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Two French Catholic churches to close

BY HEIDI ULRICHSEN Two area French Catholic churches will close next spring because of financial problems and declining attendance. La Toussaint in Minnow Lake and St-Eugene in the city’s South End will shut their doors May 27, 2007.
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Father Ron Perron of St-Eugene (above) and Father Chrysologue Allaire of La Toussaint will jointly run Ste-Anne-des-Pins, which currently has no priest.

BY HEIDI ULRICHSEN

Two area French Catholic churches will close next spring because of financial problems and declining attendance.


La Toussaint in Minnow Lake and St-Eugene in the city’s South End will shut their doors May 27, 2007.


Starting this September, services will be scaled back at both churches to a weekly Saturday evening mass and weddings and funerals as needed.


About 300 parishioners will move to Ste-Anne-des-Pins in downtown Sudbury when their churches close. They can also attend Sunday mass and other services at the downtown church starting this fall.

Father Ron Perron of St-Eugene and Father Chrysologue Allaire of La Toussaint will jointly run Ste-Anne-des-Pins, which currently has no priest. The closing churches will be put up for sale, with the proceeds going to Ste-Anne-des-Pins.

“We’ve been talking about closing the church for the past seven or eight years. We’ve been surviving due to the Knights of Columbus bringing in money through bingo,” says Marc Forget, secretary of the parish council at La Toussaint.

Forget, 66, has attended La Toussaint since he was a toddler. He’s made a lot of friends there, but says many of those people no longer attend services.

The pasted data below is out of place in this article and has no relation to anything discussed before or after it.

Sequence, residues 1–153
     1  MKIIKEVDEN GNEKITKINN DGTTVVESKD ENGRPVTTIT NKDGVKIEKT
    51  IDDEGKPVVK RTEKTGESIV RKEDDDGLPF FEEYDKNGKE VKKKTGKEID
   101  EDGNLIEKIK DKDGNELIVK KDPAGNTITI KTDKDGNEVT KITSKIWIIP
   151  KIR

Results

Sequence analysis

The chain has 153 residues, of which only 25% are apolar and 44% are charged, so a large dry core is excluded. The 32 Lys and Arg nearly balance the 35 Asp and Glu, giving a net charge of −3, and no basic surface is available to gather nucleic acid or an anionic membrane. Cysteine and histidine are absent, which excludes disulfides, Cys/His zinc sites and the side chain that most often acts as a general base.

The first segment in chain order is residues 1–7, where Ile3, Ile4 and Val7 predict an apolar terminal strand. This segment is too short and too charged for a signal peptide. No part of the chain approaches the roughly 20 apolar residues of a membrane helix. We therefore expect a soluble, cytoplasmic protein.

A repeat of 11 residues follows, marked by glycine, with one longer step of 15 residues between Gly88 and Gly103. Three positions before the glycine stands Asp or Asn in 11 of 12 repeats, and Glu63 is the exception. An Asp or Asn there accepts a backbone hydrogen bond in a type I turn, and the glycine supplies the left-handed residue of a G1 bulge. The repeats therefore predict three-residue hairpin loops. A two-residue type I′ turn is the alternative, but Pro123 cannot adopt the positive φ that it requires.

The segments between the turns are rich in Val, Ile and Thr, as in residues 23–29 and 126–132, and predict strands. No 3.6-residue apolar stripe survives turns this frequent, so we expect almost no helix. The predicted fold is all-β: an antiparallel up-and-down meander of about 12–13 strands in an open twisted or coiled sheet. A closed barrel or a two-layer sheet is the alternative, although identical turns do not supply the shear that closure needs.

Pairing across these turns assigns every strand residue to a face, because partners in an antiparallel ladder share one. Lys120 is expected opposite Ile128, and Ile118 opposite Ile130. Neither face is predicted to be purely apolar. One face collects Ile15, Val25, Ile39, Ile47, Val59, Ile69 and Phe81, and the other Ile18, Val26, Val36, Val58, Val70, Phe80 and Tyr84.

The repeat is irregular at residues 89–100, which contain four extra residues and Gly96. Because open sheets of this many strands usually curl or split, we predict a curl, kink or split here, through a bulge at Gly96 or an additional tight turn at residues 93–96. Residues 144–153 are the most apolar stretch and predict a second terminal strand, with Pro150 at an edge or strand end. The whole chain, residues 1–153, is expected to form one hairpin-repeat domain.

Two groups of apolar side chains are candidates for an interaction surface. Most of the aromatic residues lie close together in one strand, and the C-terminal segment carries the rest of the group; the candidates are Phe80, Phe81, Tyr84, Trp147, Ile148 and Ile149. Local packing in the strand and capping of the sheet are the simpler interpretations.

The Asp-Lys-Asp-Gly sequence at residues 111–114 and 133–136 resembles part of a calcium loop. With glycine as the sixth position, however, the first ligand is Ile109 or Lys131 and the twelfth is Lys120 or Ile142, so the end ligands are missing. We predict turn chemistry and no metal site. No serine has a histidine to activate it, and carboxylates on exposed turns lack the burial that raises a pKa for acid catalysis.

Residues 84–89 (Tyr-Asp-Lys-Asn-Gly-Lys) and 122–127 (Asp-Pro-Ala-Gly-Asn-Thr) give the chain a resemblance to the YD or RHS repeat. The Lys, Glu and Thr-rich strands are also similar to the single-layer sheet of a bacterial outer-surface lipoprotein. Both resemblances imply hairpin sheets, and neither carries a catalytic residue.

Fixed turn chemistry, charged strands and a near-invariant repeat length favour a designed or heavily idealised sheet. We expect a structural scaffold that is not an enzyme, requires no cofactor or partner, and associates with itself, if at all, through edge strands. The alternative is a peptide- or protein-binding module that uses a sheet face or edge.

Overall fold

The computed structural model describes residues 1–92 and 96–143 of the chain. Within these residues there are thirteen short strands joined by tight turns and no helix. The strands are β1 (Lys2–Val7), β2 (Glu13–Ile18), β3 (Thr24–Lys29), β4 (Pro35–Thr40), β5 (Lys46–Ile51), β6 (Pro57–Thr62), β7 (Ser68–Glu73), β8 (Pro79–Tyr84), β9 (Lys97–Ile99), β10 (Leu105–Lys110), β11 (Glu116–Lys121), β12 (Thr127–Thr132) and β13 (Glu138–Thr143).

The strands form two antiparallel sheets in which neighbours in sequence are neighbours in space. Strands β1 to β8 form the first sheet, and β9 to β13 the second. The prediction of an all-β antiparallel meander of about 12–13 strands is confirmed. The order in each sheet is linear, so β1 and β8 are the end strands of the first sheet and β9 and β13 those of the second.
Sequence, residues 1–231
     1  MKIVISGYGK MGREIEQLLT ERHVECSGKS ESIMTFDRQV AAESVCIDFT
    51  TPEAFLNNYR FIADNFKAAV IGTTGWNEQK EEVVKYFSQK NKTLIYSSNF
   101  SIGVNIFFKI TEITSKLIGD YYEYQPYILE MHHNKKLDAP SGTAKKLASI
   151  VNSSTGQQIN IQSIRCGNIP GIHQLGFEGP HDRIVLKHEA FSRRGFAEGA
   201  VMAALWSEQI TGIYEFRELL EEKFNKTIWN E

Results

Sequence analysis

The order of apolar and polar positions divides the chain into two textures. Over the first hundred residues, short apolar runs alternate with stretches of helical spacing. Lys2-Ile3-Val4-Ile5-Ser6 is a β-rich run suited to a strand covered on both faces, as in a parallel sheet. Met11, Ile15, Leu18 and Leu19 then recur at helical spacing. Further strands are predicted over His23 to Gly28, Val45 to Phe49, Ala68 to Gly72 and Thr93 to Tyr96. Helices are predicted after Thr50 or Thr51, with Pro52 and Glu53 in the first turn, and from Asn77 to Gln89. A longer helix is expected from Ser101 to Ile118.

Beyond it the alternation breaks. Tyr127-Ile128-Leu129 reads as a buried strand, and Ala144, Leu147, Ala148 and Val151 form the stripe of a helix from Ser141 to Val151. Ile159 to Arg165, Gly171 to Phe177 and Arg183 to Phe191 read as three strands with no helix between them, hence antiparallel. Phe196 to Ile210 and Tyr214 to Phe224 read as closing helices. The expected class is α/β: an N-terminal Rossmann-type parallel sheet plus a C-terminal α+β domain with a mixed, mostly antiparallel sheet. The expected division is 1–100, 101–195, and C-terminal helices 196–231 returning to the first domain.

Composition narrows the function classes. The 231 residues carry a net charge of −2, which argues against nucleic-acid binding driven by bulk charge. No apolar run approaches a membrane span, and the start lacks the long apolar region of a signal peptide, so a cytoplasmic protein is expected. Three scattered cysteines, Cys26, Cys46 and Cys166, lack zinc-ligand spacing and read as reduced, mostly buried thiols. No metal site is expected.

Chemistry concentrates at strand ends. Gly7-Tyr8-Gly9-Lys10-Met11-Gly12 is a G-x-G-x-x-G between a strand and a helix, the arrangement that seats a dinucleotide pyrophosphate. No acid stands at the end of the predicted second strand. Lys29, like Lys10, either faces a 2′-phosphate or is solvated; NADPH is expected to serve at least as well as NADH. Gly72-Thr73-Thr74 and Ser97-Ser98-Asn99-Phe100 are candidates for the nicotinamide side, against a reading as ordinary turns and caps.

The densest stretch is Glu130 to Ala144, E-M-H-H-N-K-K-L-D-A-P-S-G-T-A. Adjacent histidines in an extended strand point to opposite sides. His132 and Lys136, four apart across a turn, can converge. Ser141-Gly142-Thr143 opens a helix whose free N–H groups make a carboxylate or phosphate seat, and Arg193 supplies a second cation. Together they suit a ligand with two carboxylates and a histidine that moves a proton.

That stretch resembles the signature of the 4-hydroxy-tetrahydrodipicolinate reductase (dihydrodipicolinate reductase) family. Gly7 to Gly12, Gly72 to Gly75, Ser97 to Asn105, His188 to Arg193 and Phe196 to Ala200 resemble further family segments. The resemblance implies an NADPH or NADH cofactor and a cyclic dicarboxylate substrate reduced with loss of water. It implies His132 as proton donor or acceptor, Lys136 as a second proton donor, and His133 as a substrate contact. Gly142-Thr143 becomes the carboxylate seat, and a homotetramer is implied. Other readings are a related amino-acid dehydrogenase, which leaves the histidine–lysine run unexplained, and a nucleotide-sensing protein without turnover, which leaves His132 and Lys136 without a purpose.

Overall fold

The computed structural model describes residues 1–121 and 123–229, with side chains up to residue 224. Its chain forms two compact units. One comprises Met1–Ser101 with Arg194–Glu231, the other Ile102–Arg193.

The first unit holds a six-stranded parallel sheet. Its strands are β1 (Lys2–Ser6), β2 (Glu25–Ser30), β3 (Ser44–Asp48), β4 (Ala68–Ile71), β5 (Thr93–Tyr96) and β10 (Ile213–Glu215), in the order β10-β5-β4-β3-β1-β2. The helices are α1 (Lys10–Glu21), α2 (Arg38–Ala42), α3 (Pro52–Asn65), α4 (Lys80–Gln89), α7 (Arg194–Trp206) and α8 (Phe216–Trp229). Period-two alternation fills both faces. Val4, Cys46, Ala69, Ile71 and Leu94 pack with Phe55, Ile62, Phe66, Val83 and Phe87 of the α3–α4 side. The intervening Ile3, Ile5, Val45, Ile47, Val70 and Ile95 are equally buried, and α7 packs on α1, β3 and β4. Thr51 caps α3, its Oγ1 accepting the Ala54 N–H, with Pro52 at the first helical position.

“I’m quite pleased to go to Ste-Anne and be part of a new community, because I don’t see how we can survive here in the present situation. I’ll be offering my services over there,” he says.

“Some people are saddened though—mostly older people who have lived here their entire lives. It’s hard for them to accept the church is closing and they have to go elsewhere.”

Arnel Michel, who is on the St-Eugene parish council, was shocked when he heard his church was closing.

“I think we’re sad, but we also understand that it was the best thing for the church and the diocese.”

Perron says it’s difficult for his parish, St-Eugene, to pay its heating and insurance bills, although it is better off than La Toussaint.


His colleague, Allaire, is 83 years old, and expected to retire soon, leaving La Toussaint without a leader.

Catholic priests, especially French-speaking ones, are declining in number and difficult to replace, says Perron.

“The bishop thought it was best that we (Allaire and I) were together, and try to create a stronger community at Ste-Anne.”

The auxiliary bishop of Sault Ste. Marie diocese, Robert Harris, says he wants to “weave” the three parishes together to form one big community.

“That’s different than saying, ‘We closed La Toussaint, we closed St-Eugene, so you’ll go to Ste-Anne now,’ and the people of Ste-Anne receive the new people,” he says.

“The idea is the three parishes work at becoming one large Catholic French-speaking community that serves the centre of the city.”

With an aging population, less people are going to church, and fewer parishes are needed, says Harris.

“Some churches that were established to serve the people are now serving a very small quantity of people,” he said.

“It’s kind of inevitable that as these people get older and there’s no new life coming to the church, those communities end up having to close or become part of a bigger body.”




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